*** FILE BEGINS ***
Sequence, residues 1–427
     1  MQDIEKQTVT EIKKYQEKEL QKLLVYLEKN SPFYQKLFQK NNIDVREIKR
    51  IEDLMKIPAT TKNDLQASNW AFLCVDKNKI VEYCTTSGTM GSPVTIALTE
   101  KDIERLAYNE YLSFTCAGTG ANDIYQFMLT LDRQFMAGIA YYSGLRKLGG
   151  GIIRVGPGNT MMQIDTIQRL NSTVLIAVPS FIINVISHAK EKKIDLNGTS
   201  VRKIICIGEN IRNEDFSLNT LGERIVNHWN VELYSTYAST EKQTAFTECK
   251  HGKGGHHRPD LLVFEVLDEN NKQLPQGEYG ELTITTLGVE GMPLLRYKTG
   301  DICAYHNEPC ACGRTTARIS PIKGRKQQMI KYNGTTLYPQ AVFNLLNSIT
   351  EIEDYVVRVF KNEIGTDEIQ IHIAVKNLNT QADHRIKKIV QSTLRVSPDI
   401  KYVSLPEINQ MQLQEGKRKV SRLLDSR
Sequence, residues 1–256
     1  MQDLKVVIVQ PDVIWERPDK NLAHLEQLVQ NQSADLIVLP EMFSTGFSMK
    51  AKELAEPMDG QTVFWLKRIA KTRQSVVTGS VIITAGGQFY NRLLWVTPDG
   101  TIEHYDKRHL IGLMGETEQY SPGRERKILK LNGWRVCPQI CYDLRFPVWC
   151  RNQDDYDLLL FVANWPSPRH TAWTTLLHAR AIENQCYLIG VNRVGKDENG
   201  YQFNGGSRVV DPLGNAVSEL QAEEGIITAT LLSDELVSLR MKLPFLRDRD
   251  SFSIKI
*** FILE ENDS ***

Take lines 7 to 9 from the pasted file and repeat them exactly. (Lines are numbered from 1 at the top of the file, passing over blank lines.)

   251  HGKGGHHRPD LLVFEVLDEN NKQLPQGEYG ELTITTLGVE GMPLLRYKTG
   301  DICAYHNEPC ACGRTTARIS PIKGRKQQMI KYNGTTLYPQ AVFNLLNSIT
   351  EIEDYVVRVF KNEIGTDEIQ IHIAVKNLNT QADHRIKKIV QSTLRVSPDI